Sorry, sorry, dear one. Lovingly, Lila
Yes yes yes yes, teach us too dear messenger as your mother goes on teaching you about the process of death and of birth the sacred process the sacred teaching that may somedway turn to life celebration.
I have been following your and ur families journey with ur mother from Alzheimer to her final transition, how you all have supported her in life and death.Great sharing, and i am learning experiencing grief at a deep level.
Thank you Cynthia, my prayers to all of you and the departed soul.
Supriya from Mumbai.
How do you move in the world when death leads?
You slowly dance following its lead and be open to find the moments of celebration until they overtake the grim. It can take a long time.
You have been courageouse to share your struggles. That is the dance you have shared– it is a dance of promise and faith when it is hard to believe. Such is hope.
My prayer for you and yours these difficult days!
pattern now different
there is a hole where it once was whole.
although a garment can be resewn, it will never be the way it once was; as is our life when a loved one dies.
there is a custom/ ritual in Jewish life, known as Keria, which is the tearing of a garment ( done by hand, not scissors, e.g.) worn by the mourner.(on the left side for a parent)because the left side is closest to the heart and parents are closest to the heart of the child. it is biblical in origin. This torn garment is worn for the 7 day period after burial, known as Shiva.
Perhaps we can tear our garments as a community and then resew together, also as a community ;to bind our actions and feelings as we support you during this sacred time.
like so much of what Interplay makes space for, we make space: for grief, for loss, for each other.
Cynthia I am blessed to witness your journey. Thank you.
In Australia when we are mourning in the sports we wear a black band of electrical tape. In Korea the colour of mourning is white. In my Indigenous part of my heritage the night sky is reversed – the stars are the souls of the dead and the dark areas are the astronomical features. I now look for your mother in that pattern and wonder where she is.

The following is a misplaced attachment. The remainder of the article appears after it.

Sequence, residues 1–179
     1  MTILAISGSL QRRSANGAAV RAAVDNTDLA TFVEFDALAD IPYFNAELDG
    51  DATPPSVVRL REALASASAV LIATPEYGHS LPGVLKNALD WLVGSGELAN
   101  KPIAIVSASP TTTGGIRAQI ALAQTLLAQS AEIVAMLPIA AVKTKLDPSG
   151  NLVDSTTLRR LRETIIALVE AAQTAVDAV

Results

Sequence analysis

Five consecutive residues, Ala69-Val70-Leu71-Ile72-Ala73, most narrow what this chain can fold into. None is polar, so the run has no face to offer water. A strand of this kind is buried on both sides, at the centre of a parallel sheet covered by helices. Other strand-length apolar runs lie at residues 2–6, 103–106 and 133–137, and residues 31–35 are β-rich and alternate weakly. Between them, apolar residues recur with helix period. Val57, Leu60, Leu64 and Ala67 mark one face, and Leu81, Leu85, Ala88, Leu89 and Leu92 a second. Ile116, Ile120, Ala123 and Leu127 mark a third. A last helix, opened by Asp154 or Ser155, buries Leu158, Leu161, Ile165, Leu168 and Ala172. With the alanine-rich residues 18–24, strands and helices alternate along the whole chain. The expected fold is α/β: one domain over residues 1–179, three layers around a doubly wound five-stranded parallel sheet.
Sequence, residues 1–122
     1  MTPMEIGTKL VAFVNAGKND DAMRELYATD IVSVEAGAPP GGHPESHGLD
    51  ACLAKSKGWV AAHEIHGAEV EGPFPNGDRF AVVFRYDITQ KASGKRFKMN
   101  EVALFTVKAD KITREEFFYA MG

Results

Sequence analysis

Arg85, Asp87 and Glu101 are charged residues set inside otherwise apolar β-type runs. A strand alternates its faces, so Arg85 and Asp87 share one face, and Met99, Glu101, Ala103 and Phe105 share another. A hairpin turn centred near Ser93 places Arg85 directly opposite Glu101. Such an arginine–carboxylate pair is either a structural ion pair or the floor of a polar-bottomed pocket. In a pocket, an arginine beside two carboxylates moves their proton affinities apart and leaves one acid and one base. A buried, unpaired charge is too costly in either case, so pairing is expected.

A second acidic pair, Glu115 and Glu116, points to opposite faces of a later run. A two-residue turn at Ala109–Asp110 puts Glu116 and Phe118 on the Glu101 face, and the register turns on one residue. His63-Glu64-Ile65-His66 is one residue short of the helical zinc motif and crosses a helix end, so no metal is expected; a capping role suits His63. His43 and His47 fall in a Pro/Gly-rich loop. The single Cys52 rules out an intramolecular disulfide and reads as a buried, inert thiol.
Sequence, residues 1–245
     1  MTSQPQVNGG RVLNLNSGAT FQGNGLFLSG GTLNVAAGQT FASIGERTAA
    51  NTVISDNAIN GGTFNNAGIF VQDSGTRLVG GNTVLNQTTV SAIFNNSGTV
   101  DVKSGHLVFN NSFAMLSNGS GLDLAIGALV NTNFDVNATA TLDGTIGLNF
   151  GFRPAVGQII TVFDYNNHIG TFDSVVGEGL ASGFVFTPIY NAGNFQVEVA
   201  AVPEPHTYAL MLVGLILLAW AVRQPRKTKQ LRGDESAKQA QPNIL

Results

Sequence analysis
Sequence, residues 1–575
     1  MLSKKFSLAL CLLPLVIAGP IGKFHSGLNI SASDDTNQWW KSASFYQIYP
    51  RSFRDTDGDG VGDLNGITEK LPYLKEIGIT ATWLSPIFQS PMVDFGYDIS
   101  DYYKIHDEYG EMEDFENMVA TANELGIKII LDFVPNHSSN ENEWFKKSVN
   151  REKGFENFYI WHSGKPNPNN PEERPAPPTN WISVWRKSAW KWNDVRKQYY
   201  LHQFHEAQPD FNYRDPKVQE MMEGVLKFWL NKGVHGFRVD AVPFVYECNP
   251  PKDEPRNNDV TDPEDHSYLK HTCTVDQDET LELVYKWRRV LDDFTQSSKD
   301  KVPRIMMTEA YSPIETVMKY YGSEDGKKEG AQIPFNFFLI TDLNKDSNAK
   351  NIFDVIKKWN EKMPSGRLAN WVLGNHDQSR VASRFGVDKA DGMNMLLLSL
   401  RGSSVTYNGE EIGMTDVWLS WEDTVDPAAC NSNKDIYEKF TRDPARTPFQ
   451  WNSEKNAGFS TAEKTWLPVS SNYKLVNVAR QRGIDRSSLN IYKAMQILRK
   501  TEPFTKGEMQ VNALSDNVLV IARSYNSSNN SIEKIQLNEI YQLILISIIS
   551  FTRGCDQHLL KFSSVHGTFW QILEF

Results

I also like that in the Jewish tradition while you wear the Keria you are not expected to be anything for the days – you can be sad, mad, angry etc. It is a time for the person just to be be. When I lose my mother I shall use the rich tapestry of many cultures to help.
For our generations of the stolen generation there is no time for the mourning of the loss of mothers as they were taken from so many. The link for the Black Arm Band project http://www.blackarmband.com.au/. It is more than music, it is about indigenous community reconciliation, resilience and health & wellbeing.
I move slower and with a heavier step. Sometimes it feels like when I wake from a deep sleep, and part of me is still in the place where I went in the long night. I find myself wanting to connect these two worlds, so I can be in both places at the same time.
Rituals and ceremonies, women’s circles, Interplay forms, especially Dancing on Behalf, all give me the opportunity to be where I am while connected to others and to the Great Mystery to which we are all apart.
Dearest Cynthia, are not alone – you are in my heart. Listen to its beat, in rhythm to your own. Love, Sheila
It has been 15 years since my mother’s death, preceded by my father’s 14 years before that. My mom, Viola, still occasionally visits me in dreams – her beautiful 25 year old self (one who I never new) with shoulder length wavy reddish brown hair, freckles, red lipstick and nail polish. She is happy and I feel her presence so profoundly. There are still times when I slip into that emptiness of life without her. I still miss her terribly. She was my confidant and greatest encourager of my artful passions. It is a dance that will continue for all my time here on earth. There is a sweetness to the grief now, however. My life is full of other concerns that grieve me. The loss of a loved one transforms all that. My heart is with you, Cynthia.
There is a children’s book called My Mother Had a Dancing Heart. I am leaning into her ongoing dance.
I am sorry for your loss. You can make your own armband; in fact I once saw a website on ehow about making mourning armbands.